New State Auditor Tom Schweich says he’ll be building on the office he’s inheriting, rather than starting from scratch.
Schweich says it’s not always enough just to publish an audit. He says he plans to do all he can to keep those he’s auditing accountable.
“The way we’re going to do these audits is very simple. You go in there, you meet with the people, it’s always done that way, you establish the parameters of the audit. You finish your audit; you sit down with them and show them your recommendations. You try to get agreement on what the changes are going to be and you put a time on that. If they don’t do it, I’m going to be back. I can assure you that they are not going to simply put it on a shelf, we will return,” Schweich said.
Schweich says he doesn’t plan to use his office to try to change state policy, and that he would be doing a disservice to Missourians to use his position as an auditor in political ways. But he says he will use his audits to get a broad amount of information about the entities involved.
“Take a step back and not only say, OK the overtime policy needs a little adjustment, and the invoicing isn’t quite right, and the procurement wasn’t quite down competitively… I want to let people know, ‘is this agency serving you well or not? We will be putting in some changes into the way the audits are delivered so that you all know what our opinion is when we finish auditing something, how do they compare relative to other school districts, relative to other agencies, relative to other commissions? Are the taxpayers getting their money’s worth, or is this an organization that needs some serious change?” Schweich said.
When Claire McCaskill was state auditor, she did so-called ‘performance audits,’ that mostly dealt with non-financial aspects of an entity’s performance. We asked Schweich if he plans to do the same.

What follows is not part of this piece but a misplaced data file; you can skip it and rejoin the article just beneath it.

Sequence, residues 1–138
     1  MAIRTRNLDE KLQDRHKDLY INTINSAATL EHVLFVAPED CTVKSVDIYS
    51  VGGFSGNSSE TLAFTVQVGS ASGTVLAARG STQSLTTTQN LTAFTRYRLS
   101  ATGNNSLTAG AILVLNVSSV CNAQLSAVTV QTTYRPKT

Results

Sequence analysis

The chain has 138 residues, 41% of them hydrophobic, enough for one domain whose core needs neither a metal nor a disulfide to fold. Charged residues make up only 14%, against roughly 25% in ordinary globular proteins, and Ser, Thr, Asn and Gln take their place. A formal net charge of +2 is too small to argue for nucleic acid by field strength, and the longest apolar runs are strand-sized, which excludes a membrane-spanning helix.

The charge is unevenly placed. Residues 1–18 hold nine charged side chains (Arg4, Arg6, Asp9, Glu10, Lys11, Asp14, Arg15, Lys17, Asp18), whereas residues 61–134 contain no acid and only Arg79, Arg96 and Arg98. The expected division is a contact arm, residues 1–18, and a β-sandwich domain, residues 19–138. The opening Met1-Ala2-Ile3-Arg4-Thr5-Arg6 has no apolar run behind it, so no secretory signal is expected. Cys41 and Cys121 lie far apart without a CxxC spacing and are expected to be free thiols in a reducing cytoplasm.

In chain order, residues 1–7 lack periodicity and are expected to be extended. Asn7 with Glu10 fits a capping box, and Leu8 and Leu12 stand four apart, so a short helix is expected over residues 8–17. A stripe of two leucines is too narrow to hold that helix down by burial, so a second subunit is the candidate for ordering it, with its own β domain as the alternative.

“Performance audit is a very broad phrase and can be interpreted in a lot of different ways; I don’t really like the phrase. What I can tell you is I won’t just be looking at accounting standards, I’ll be looking at accounting standards, I will be looking at the performance of government. But I’m not going to have, like Claire McCaskill did, a separate performance division of the auditor’s office. I think it’s all part of the same thing,” Schweich said.
Schweich says he plans to complete all of the audits started by his predecessor, Susan Montee. He also has a number of audits planned for this year; including the ethics commission, a number of cities, and 23 county audits.
At his first press conference as auditor, Schweich announced his new senior staff. He says he tried to keep much of the previous staff intact, including three audit supervisors who have worked for state auditors for nearly 30 years. But he also made some new hires, including his Deputy Auditor Harry Otto, a past President of the Missouri Society of Certified Public Accountants. Patricia Vincent, the former Director of the Department of Revenue, will serve as Schweich’s Director of Administration.
“I was lucky enough; I interviewed multiple people for all these positions, in some cases more than 10 or 15 people. In each case I was lucky to get my very first choice, who accepted the offer that was given to them,” Schweich said.
Schweich also hired his campaign manager as his Chief of Staff, and brought in new lawyers, media relations employees, and a legislative advisor.